Stranger-er Things: Netflix and Kill

Brave New Workshop ensemble member Tom Reed created and stars in this solo parody of the Netflix sci-fi horror series “Stranger Things.” Wielding minimal props (a flashlight, two rolls of Christmas lights) and accompanied by keyboardist Jon Pumper (BNW’s music director), Reed hilariously gets to the mock-scary heart of the show while making pointed social commentary. ‘Stranger-er Things: Netflix and Kill’: Playful and engaging, he, well, kills it. (10 p.m. Mon., 7 p.m. Wed., 5:30 p.m. Fri., 1 p.m. Sun. Aug. 13, Phoenix Theater, 2605 Hennepin Av. S., Mpls.)


Songs of MN Summer

One great joy of long-form improv is watching a team of seasoned performers read and feed off each other on a near-clairvoyant level. Each member of Shrieking Harpies (Lizzie Gardner, Taj Ruler, and Hannah Wydeven, accompanied by pianist Justin Nellis) clearly knows and trusts her partners deeply, a necessity when you’re creating a mini-opera from scratch. The Harpies’ musical adventures delve into plenty of bizarre scenarios — Saturday’s performance of “Songs of MN Summer” centered on a rage-filled chef, a spunky orphan, and several sets of sentient cookware — but with a dose of warmth, heart, and three-part harmony that sets them apart from the crowd. (8:30 p.m. Mon., 7 p.m. Wed., 4 p.m. Fri. Aug. 11, 5:30 p.m. Sun. Aug. 13, Bryant-Lake Bowl, 810 W. Lake St., Mpls.)


Out of the Shadows

Sly, subtle and totally virtuosic, theatrical dancer-choreographer Gabriel Mata holds the stage with expressive movement and witty words in this Fringe must-see. Mata’s 50-minute solo show is about a performer in crisis — he plays a dancer who has forgotten the choreography. Mata, of Zenon Dance Company, then talks and dances us through his thought process as he tries to unlock his memory through movements. His dancing is graceful and compelling while his running monologue, both breathless and humble, also is entertaining. He even breaks into a performance of Gloria Gaynor’s “I Will Survive.” Mata does a lot more than that. (7 p.m. Mon., 8:30 p.m. Sat. Aug. 12, 2:30 p.m. Sun. Aug. 13, Intermedia Arts, 2822 Lyndale Av. S., Mpls.)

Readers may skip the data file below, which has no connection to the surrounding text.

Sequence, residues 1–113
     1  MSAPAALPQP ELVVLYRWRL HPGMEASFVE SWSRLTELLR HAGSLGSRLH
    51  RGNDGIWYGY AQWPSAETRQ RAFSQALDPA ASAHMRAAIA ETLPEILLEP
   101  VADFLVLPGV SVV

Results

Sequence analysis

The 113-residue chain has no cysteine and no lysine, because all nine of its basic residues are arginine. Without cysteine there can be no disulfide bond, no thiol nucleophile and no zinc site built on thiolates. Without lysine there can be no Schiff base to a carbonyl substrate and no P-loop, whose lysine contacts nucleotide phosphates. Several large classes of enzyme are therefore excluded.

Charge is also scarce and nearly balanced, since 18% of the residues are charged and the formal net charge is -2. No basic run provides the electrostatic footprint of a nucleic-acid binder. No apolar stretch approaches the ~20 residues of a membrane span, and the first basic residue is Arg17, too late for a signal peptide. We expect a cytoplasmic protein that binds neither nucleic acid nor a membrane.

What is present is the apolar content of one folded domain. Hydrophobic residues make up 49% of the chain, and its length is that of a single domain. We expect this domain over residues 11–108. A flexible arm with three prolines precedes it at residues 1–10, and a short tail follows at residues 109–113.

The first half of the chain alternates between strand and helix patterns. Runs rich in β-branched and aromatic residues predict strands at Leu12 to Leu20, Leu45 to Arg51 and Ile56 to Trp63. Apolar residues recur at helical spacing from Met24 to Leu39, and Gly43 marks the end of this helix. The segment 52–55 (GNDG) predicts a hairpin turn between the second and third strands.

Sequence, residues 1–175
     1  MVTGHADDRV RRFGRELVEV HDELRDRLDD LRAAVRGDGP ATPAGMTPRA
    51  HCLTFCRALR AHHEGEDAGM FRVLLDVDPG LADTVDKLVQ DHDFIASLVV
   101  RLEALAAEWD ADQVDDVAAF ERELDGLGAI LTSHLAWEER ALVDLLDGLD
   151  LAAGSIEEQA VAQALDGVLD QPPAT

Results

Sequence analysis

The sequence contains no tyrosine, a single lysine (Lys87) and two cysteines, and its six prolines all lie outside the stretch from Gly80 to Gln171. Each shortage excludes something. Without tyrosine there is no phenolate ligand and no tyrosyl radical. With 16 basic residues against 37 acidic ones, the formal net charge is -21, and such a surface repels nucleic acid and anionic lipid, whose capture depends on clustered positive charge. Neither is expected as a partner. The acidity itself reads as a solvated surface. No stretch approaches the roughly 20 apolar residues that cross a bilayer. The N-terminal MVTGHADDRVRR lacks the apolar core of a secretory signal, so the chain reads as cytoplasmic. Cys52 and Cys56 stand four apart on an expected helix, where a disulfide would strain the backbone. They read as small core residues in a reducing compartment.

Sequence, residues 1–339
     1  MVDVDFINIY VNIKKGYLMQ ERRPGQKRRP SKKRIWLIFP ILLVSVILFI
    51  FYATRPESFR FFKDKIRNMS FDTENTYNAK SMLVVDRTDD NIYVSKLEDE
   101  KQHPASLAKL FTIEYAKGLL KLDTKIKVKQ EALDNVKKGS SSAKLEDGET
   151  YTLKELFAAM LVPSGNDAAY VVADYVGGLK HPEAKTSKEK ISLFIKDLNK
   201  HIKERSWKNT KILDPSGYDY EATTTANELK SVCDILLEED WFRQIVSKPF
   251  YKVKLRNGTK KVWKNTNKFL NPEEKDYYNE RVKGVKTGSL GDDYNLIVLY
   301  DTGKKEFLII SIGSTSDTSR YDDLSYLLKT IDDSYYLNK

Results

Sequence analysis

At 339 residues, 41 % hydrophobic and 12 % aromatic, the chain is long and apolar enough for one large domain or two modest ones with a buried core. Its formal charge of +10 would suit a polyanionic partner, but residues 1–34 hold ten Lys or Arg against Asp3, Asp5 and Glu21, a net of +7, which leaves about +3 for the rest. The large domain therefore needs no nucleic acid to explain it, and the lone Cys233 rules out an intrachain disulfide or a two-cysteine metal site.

De Hjerteløse (The Heartless)

An original story written and directed by Kimberly Miller, De Hjerteløse has the feel of an ancient fable updated for the new “Wonder Woman” generation. The work is about an unexpected sisterhood forged out of adversity. Central character Ingrid (Jayme Godding) shines as a talented shipbuilder who uses her courage and compassion to best a Norse giantess. A collaborative effort by W.A.R. Theater and Sidecar Theatre, this delightful effort about strength and resilience is a particularly good choice for teen audiences but will resonate with adults, too. (7 p.m. Tue.-Wed., 2:30 p.m. Sat., Southern Theater, 1420 Washington Av. S., Mpls.)


RomCom-Con: A Meet-Cute Musical

Composer and lyricist Kyle DeGoey parodies the romantic comedy movie genre with clever rhyming couplets and oodles of pop culture references: “Star Wars,” “Harry Potter,” the entire 1980s John Hughes-Molly Ringwald catalogue. After their respective breakups, a pair of Minnesota dreamers head to San Diego for the Rom-Com convention, only to find themselves swapping “Pretty in Pink” observations and, maybe, falling in love. If you like “Crazy Ex-Girlfriend,” you’ll love this irreverent musical. Sure, the harmonizing is a little shaggy, but the jokes are funny and the characters irresistible. (7 p.m. Tue., 10 p.m. Thu., 8:30 p.m. Fri., 2:30 p.m. Sat. Aug. 12, Ritz Theater Mainstage, 345 13th Av. NE., Mpls.)


Swords & Sorcery: The Improvised Fantasy Campaign